Thus, the Red Bull duo lined up on the grid 7th and 11th. Webber was the first driver to come in for a scheduled pit stop, diving in for new tyres on the seventh lap. That dropped him down the order, and the odd strategy saw him finish the race in 11th - the same position that he started. Vettel managed to move up one position, ending the day sixth place, picking up the team’s only points from Spain.

During the race, Webber was called in for a pit stop that involved a nose change, although he hadn’t sustained any accident damage. Later in the afternoon, Vettel was also given a new front wing. Both drivers have admitted they don’t know what the problem with the front wing was, but it looks as though Adrian Newey may need to have a look at their newer designs.



The Mercedes drivers both got into the top ten in qualifying, although Schumacher was one of three drivers who did not set a time. Rosberg lined up on the grid 6th, with his teammate 8th. Nico made a great start, moving up to fourth with Schumacher also improving. The pair were sandwiched between the Lotus drivers, jostling for position.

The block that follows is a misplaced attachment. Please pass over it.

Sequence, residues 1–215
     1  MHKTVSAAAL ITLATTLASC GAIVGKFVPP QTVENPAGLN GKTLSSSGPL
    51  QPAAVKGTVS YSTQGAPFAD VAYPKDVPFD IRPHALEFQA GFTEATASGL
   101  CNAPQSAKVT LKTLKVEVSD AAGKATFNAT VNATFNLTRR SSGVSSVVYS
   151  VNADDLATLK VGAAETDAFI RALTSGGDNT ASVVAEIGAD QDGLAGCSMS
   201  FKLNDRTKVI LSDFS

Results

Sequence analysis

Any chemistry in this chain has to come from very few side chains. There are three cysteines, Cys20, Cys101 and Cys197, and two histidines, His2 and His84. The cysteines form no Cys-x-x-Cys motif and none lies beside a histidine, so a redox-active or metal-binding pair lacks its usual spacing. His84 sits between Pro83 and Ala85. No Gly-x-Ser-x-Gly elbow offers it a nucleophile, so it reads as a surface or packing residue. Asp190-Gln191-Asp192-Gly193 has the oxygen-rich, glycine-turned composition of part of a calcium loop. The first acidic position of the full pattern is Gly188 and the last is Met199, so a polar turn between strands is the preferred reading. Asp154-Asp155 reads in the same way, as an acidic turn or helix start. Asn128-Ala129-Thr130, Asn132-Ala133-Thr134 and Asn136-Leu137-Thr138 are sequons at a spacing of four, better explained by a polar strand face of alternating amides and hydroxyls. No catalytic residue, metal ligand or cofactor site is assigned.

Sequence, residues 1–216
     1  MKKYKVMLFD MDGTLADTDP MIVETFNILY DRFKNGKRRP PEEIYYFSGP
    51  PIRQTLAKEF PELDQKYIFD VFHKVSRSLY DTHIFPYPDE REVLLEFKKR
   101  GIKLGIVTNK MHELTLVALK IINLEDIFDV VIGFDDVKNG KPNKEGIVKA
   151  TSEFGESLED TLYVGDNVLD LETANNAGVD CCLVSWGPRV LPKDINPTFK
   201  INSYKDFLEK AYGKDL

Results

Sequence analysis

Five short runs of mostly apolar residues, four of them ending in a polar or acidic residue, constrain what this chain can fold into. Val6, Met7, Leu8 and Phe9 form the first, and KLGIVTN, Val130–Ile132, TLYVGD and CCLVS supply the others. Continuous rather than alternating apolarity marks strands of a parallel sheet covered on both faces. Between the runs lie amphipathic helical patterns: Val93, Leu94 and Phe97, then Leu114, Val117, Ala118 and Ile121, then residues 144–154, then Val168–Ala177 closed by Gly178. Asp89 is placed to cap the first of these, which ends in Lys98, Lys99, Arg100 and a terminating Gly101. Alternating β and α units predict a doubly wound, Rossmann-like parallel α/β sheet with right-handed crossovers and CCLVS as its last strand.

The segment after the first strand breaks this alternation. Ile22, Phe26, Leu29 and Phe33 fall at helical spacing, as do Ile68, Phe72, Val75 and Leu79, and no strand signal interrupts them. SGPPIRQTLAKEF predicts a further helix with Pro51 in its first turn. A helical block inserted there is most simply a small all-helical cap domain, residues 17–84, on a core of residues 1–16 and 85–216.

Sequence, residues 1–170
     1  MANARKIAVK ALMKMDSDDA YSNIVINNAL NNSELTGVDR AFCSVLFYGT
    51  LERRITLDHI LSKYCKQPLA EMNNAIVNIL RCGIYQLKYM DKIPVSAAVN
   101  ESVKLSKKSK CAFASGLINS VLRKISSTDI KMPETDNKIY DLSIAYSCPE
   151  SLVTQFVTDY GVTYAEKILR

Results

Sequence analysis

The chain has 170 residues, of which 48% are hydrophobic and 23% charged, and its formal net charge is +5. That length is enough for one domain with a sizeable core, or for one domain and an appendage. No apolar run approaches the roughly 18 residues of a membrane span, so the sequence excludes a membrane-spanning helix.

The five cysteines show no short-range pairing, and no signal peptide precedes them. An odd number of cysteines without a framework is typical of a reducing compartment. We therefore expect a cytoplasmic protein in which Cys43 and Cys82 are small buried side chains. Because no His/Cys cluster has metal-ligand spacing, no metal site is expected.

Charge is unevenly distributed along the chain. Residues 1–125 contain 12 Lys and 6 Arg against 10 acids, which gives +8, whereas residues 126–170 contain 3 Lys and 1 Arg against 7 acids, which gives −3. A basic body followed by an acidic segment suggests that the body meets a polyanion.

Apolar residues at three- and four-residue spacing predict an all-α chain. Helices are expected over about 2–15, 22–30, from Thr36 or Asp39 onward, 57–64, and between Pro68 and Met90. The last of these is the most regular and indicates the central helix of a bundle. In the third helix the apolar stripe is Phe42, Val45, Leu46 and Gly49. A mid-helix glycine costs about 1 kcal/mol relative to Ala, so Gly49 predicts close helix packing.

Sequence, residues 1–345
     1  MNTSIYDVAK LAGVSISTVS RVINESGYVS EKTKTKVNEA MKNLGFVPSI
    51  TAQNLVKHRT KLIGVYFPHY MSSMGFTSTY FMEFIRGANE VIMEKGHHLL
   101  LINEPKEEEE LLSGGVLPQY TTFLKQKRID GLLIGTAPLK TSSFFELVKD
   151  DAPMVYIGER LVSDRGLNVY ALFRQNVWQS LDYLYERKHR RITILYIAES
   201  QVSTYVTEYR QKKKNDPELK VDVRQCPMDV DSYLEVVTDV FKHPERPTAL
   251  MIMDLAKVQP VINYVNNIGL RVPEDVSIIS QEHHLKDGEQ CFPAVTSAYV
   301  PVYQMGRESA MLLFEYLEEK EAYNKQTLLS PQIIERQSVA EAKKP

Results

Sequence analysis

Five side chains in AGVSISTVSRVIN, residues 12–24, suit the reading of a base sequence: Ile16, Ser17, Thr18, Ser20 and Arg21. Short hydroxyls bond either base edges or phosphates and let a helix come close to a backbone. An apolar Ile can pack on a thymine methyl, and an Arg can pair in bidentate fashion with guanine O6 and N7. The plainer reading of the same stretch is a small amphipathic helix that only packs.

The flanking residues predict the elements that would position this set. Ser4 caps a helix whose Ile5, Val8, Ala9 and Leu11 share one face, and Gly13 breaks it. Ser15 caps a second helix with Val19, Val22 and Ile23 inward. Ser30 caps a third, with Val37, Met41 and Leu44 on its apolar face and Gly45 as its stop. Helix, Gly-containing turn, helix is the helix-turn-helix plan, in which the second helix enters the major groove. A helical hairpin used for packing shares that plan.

However, on lap 13, Schumacher crashed into the back of Bruno Senna’s Williams, spinning both off into the gravel. His race was over, immediately, and Michael was visibly frustrated as he climbed out of the car. His first post-race interviews put the blame squarely on Senna’s shoulder, with complaints that he had moved twice in attempting to defend the position.

The stewards thought differently, investigating the incident one the action was over and handing Schumacher a five place grid penalty for Monaco.

With Michael out of the race, Rosberg was left to do the best he could for Mercedes, and he held on to 7th place despite struggling with his tyres throughout the afternoon. Nico resolutely states that the team can still fight for the championship, and he’s hoping that Monaco will suit them a little better.